jaco0646 jaco0646 - 7 months ago 33
Java Question

Java compile error in method with generic return type

I can't explain why this simple code doesn't compile.

class Foo {
<T extends Foo> T method() {
return this;
}
}


The error is:
Type mismatch: cannot convert from Foo to T
.

Why not?
T
is defined to be
Foo
or its subclass.

While there are hundreds of Java generics questions on SO (and I've read a good number of them) they tend to involve long code samples and even longer explanations. I've not come across one this simple.

On a related note, an equivalent Scala example does compile, so the Java error is not due to a limitation of the JVM.

class Foo {
def method[T <: Foo] = this
}





UPDATE: I found a succinct piece of advice in the Java Tutorials regarding generic methods.


Generic methods allow type parameters to be used to express dependencies among the types of one or more arguments to a method and/or its return type. If there isn't such a dependency, a generic method should not be used.


My interpretation is that a generic method is only appropriate in two scenarios.


  1. There is a dependency between two (or more) of the method's argument types.

  2. There is a dependency between the method's return type and one (or more) of its argument types.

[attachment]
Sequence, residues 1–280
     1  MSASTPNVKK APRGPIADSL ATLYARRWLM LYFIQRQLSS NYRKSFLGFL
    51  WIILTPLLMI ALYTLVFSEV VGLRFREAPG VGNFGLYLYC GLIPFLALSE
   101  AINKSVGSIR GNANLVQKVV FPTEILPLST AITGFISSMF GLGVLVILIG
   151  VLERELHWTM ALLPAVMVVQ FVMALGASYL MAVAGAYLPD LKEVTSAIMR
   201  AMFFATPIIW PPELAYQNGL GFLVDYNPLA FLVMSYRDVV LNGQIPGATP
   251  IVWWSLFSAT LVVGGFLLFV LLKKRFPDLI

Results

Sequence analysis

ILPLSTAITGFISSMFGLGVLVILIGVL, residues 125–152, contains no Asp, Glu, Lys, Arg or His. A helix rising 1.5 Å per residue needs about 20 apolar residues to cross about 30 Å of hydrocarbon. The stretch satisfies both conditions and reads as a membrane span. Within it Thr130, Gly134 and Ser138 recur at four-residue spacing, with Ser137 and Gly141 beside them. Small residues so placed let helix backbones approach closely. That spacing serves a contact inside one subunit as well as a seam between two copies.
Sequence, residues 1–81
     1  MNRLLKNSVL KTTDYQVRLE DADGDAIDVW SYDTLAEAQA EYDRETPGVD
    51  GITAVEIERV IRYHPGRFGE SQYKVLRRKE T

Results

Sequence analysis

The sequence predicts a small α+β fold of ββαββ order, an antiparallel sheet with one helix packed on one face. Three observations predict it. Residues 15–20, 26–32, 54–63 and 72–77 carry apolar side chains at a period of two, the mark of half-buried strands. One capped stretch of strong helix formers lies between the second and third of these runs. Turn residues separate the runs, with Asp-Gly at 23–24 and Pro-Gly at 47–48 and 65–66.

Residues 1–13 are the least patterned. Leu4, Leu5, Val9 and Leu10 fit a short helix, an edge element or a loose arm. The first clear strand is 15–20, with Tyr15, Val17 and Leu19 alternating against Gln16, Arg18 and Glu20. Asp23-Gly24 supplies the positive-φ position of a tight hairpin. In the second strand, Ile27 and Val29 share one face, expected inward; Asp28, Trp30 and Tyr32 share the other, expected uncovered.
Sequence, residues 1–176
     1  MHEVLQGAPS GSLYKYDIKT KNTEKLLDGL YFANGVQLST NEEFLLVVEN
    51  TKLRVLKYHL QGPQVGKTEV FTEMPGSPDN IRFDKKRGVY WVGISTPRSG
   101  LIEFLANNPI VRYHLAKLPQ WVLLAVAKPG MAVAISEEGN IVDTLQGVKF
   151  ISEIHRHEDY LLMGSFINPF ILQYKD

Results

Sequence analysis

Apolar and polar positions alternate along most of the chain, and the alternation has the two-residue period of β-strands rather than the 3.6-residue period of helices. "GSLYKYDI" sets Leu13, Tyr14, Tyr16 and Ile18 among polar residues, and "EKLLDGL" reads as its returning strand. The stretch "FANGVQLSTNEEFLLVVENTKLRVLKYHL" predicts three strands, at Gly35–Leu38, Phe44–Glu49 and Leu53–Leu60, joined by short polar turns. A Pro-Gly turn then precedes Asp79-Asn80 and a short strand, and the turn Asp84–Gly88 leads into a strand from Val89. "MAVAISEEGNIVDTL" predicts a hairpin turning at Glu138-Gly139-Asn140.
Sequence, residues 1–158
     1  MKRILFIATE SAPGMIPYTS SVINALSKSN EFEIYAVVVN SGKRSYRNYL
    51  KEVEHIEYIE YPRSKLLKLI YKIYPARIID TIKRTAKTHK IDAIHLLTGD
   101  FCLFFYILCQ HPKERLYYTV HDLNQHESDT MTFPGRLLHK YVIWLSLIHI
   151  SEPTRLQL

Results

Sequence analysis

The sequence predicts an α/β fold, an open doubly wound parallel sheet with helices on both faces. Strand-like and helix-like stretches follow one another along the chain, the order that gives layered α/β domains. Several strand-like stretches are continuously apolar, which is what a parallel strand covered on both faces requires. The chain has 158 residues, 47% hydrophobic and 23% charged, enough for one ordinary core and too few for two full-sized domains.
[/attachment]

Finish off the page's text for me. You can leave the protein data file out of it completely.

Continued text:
Obviously, the simple code in question has no dependency among its arguments and return type, since there are no arguments. So a generic method is inappropriate.

Answer

I think you misunderstand how Java generics work:

<T extends Foo> T method() {

This means that the caller of that method can pick whatever subtype of Foo they want and ask for it. For example, you could write

Foo foo = new Foo();
SubFoo subfoo = foo.<SubFoo>method();

...and expect a SubFoo back, but your method implementation couldn't return a SubFoo, and this would have to fail. (I don't speak Scala, but I presume this means that your Scala implementation is not in fact "equivalent.")

If you want your method to be able to return a subtype of Foo that the implementation chooses, instead of the caller, then just write

Foo method() {
  return this;
}